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stenosisSpinal stenosis refers to a narrowing in the spinal canal. This occurs when the nerves that travel through the spinal canal are compressed. In the cervical and thoracic spines, this could involve spinal cord compression. In the lumbar spine, this more typically involves lumbar nerve compression.

Spinal stenosis is caused by disc bulging where the disc prominence can press on the spinal nerves and also can be secondary to a thickened ligament that is found on the back of the spinal canal that can push forward, as well as enlarged facet joints that also can push forward and compress the spinal nerves. The result is a sandwich effect where the bulging discs, sometimes with bony spurs and pushing backward on the nerves and enlarged facet joints and thickened ligament, called the ligamentum flavum, pushing forward, creates a narrowing in the spinal canal.

The regions under the facet joint, called the lateral recess, are especially common areas of nerve compression, also the central area of the spinal canal as well as the exiting portion of the nerve, called the foramen, also can have nerve compression. Modern evidence would suggest that the disk degeneration, that often can be result of wear and tear and/or genetics, is the initial event that leads to the development of arthritic facet joints and the development of spinal stenosis.

Other causes of stenosis can occur including tumor calcium pyrophosphate crystal deposition, amyloid deposition, as well as congenital stenosis where people are born with an abnormally small spinal canal.


Asymptomatic spinal stenosis is extremely common and in fact, probably ubiquitous with the aging spine. Patients who develop symptoms of spinal stenosis typically have pain in the back, often buttocks, thigh, and/or leg pain, worse with standing and walking, and improved with flexion or sitting. Some patients will have numbness as well. Additionally, patients will describe a catch phenomenon; whereby, after being seated for a while, they transition into a standing position and develop severe similar back, buttock, and/or leg pain.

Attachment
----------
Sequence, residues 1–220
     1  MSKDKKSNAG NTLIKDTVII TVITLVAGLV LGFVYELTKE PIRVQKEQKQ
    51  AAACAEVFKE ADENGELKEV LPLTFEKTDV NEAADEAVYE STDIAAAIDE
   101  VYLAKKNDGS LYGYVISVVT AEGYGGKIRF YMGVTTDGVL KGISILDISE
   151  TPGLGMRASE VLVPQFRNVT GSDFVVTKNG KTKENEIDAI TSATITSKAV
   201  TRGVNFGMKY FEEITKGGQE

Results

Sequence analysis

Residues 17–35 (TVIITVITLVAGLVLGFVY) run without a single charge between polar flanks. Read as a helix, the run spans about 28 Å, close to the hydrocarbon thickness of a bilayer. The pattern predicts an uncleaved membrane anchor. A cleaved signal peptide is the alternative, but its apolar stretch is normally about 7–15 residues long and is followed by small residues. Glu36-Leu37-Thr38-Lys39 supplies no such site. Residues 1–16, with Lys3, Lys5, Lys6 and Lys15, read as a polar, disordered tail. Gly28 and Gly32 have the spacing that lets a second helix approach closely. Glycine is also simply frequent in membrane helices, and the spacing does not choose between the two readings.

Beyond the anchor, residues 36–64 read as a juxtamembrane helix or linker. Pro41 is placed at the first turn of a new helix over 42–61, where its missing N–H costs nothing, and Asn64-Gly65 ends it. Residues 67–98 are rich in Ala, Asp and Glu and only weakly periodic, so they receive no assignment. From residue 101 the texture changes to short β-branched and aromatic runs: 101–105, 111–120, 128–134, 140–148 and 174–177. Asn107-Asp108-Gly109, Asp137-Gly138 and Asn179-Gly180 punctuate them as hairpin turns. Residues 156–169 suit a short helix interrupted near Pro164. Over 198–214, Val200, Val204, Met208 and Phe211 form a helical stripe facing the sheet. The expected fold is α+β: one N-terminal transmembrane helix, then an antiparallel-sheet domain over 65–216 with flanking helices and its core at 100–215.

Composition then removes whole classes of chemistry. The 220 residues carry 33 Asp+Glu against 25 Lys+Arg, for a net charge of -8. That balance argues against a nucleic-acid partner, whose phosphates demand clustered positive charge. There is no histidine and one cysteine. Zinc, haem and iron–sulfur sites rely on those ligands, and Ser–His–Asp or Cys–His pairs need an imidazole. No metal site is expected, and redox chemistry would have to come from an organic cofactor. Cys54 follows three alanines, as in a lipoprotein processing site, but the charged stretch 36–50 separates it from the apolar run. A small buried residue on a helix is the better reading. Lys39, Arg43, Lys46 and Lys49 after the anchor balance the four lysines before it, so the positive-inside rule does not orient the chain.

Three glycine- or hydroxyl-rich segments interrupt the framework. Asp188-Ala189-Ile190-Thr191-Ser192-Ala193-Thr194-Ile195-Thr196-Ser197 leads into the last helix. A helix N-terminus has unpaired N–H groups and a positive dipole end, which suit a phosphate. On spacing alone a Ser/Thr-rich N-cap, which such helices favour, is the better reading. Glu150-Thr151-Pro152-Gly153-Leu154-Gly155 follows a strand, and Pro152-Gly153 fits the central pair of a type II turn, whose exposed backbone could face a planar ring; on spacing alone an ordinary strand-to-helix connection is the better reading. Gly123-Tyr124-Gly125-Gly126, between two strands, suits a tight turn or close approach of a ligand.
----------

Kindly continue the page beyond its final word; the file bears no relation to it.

Because patients with spinal stenosis can typically tolerate flexion better than extension, patients often lean forward or sit to gain relief. A shopping cart sign is where a patient obtains relief from bending forward and using the cart. Flexion with sitting or bending forward slightly improves the space available for the nerves and may improve vascular blood flow.

Ultimately, the nerves that are mechanically compressed become inflamed and symptoms can occur more commonly, the symptoms develop gradually as the spinal canal increasingly narrows. The nerve’s blood supply that travel are also compressed causing a condition of decreased circulation to the spinal nerves, the resultant sciatic type nerve pain that occurs in stenosis.


Spinal stenosis is a clinical diagnosis that is made with taking a thorough history and physical examination from the patient. If the patient has signs and symptoms of spinal stenosis without any significant neurologic weakness or signs of spinal cord dysfunction, then typically, the patient may be referred to nonoperative care such as physical therapy, chiropractic care, and/or an exercise program. For persistent symptoms, advanced imaging is generally recommended. These include simple radiographs, computed tomography, or CAT scan, as well as magnetic resonance imaging, or MRI, to determine if indeed, the patient does have spinal stenosis. Occasionally, a myelogram, which is an older study, whereby dye is injected directly into the spinal canal with followup radiographs and/or CAT scan is used. An EMG, or an electromyographic testing, may also help to determine which nerves are involved or to rule out other neurologic disorders.


Most patients who do not have any significant neurologic weakness will benefit from anti-inflammatory medications and physical therapy and/or chiropractic care. For patients who have refractory symptoms, temporizing x-ray-guided epidural corticoid steroid medication injections can be beneficial.

Significant research suggests, however, that with symptoms that are persistent over longer periods of time, that decompressive surgery offers the best longterm treatment. The benefits of surgery must outweigh the risks for an individual patient.

Blue Distinction Center for Spine Surgery